Q. Can I have a service-learning contract and an Honors contract at the same time?
A. Yes. We’ve coordinated this with the Honors program staff. Make sure you point out the overlap on both contracts.
The Capstone Project is the culminating activity of the Service-Learning Scholars program. It is recommended that the capstone project require between 50 – 100 hours of service. The capstone project should be self-sustaining and leave a lasting impact. Scholars should focus on creating something that will remain after they have left the University. For example, students might create a new service program, a new event that can be replicated, a piece of art work, a new hiking trail…the possibilities are endless.
Criteria for the Capstone Project
1. Scholars are strongly encouraged to design a capstone project related to their major.
2. The project should promote self-sufficiency from – as opposed to dependence upon – the Service-Learning Scholar.
3. The scholar should complete the Capstone Proposal Form two semesters before they graduate and turn it into the Community Service Director.
4. Service hours for the capstone project should be tracked on the monthly report form and turned in at the end of the semester.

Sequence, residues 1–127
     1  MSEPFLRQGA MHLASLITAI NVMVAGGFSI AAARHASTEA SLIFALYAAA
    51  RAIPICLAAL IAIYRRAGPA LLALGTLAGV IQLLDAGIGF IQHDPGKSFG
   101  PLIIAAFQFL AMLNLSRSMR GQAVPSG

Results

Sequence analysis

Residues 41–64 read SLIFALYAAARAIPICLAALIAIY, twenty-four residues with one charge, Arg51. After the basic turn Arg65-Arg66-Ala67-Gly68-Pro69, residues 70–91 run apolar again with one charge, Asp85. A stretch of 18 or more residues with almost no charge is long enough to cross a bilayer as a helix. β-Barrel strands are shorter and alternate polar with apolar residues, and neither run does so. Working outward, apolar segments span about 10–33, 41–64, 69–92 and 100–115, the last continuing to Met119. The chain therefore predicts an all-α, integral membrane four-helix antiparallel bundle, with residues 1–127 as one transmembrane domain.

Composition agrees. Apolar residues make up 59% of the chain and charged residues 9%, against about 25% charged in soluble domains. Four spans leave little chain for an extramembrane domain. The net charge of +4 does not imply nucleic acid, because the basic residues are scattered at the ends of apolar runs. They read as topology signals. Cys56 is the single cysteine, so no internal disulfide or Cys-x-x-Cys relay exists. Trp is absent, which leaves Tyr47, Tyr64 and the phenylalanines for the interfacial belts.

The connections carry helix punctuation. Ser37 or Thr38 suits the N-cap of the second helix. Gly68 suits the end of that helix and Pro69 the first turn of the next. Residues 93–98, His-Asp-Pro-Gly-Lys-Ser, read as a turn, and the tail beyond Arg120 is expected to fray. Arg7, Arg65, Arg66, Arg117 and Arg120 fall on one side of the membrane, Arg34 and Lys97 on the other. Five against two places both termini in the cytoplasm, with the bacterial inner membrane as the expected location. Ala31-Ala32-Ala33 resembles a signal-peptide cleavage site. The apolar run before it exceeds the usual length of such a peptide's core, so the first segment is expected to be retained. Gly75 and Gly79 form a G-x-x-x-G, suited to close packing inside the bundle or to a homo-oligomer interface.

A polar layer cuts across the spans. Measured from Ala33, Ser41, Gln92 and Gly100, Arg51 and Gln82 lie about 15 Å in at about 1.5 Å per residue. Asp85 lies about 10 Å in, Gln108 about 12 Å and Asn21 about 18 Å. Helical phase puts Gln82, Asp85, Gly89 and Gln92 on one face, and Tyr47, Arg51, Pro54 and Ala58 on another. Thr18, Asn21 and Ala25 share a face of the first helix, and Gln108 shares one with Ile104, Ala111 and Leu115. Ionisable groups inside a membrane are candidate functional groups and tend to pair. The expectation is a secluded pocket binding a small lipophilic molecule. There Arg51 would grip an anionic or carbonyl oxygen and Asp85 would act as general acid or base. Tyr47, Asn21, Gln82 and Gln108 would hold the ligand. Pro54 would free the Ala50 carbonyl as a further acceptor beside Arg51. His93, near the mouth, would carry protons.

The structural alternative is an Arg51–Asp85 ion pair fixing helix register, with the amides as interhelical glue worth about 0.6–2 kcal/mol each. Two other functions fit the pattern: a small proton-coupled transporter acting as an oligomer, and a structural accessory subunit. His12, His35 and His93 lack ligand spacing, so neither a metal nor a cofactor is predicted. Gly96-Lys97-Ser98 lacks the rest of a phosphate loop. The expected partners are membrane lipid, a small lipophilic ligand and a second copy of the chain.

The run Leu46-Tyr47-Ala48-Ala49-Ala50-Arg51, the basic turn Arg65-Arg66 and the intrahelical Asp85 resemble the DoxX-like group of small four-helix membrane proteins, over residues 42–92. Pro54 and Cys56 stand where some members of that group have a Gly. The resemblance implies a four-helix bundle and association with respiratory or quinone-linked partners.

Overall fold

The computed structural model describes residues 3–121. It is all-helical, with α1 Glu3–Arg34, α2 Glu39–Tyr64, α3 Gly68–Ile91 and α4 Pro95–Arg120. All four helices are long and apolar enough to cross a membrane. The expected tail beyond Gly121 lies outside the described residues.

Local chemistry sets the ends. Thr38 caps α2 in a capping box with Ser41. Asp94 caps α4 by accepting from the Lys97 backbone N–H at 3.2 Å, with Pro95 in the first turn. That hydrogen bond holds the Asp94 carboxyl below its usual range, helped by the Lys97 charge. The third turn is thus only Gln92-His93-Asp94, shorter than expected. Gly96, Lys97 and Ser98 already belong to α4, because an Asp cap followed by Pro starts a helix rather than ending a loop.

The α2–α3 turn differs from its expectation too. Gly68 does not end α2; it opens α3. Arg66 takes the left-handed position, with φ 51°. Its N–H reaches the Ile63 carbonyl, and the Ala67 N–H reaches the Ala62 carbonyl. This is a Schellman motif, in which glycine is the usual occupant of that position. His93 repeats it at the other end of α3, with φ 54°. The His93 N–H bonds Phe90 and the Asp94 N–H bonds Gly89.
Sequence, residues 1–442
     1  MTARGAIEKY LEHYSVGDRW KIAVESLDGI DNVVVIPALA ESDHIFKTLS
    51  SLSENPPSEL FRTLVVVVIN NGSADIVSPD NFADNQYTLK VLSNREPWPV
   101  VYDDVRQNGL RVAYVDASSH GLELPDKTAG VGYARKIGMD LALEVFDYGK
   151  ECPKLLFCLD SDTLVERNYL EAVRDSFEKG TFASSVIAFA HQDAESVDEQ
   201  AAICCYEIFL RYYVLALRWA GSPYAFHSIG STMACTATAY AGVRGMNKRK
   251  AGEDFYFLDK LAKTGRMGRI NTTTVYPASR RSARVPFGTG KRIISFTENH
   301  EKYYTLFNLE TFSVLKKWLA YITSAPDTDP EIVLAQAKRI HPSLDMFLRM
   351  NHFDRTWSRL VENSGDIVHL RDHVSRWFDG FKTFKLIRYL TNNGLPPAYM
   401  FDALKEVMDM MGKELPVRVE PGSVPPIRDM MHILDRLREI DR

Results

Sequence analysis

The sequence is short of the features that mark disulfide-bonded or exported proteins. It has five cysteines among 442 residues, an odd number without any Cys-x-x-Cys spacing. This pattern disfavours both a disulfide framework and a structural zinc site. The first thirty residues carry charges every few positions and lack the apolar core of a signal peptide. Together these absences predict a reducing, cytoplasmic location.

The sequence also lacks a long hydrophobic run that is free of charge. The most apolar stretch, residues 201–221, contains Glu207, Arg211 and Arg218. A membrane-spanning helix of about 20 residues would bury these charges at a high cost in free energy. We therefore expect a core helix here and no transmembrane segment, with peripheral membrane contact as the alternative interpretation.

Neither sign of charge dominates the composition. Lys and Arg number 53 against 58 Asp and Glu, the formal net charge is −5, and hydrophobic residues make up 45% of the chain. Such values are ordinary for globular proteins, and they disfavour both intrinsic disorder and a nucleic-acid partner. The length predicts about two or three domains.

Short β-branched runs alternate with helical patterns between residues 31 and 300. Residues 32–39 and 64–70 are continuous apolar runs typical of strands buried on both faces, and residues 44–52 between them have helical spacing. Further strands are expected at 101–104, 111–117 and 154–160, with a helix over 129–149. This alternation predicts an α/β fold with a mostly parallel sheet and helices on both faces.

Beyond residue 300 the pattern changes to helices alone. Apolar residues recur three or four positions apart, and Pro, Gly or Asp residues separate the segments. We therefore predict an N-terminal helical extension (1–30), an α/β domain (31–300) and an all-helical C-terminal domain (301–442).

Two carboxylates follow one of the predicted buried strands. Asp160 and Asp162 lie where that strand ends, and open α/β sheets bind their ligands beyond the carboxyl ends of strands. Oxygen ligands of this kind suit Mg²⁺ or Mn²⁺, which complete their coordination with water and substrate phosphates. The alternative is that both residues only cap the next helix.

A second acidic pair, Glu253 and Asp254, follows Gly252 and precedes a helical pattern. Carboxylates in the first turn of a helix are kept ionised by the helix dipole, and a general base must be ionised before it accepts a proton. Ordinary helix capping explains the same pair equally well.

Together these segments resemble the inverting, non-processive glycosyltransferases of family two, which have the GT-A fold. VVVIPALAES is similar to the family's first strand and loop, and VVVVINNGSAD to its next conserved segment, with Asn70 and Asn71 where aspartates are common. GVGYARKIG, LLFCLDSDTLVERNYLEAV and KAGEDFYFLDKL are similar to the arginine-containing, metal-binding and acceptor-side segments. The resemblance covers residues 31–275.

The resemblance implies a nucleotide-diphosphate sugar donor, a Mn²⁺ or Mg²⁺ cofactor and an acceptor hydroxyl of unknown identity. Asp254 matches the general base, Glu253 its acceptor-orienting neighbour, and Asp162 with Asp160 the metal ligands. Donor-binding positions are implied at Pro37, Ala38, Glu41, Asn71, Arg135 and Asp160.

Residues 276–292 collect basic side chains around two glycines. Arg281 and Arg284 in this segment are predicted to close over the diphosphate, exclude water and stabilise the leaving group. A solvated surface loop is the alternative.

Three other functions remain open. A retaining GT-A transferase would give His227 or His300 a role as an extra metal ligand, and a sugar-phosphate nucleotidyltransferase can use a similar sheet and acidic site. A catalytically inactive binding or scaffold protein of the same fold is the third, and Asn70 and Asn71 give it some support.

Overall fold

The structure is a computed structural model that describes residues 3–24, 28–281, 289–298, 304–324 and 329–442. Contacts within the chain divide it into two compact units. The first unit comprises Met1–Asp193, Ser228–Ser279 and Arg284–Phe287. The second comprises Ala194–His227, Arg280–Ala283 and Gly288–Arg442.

5. The scholar will complete a reflection piece regarding the capstone project. Scholars may choose one of the following reflection options. The reflection piece should be included in the portfolio. Scholars may complete a written or an audio/visual reflection piece.
Reflection may be completed in the following format:
a) Written: Written reflection may be completed in one of three ways:
i.A 3-5 page reflection essay addressing the following questions:
1. Why was there a need for my service?
2. What is the underlying problem and why does it exist?
a. What social, economic, political, and educational systems are causing or perpetuating the problem?
3. What did I do to work for change?
4. How did my service impact the problem?
5. How did my service impact me?
6. What will I do from here to continue to address the problem at hand?
ii.A reflective journal may be kept and turned in as the reflection piece. One to 2 pages should be completed for each 5 to 10 hours of service.
iii.Original poetry may be submitted as the reflective piece. The scholar should create poetry that requires the same amount of effort as a 3 to 5 page essay. Several poems may be produced to accomplish this.
b) Audio/Visual: All forms of reflection (other than written) must be accompanied by a ½ - 1 page written description giving a summary/conclusion to your reflection. For example, write how the artwork is representative of your thoughts, feelings, and learning. Examples of audio/visual projects might include:
1. Photography, painting, drawing.
2. Video, (should be 10 min. in length).
3. Slide Show (should be 5 min. in length).
4. Power Point (should be 10 min. in length).
5. Song composition.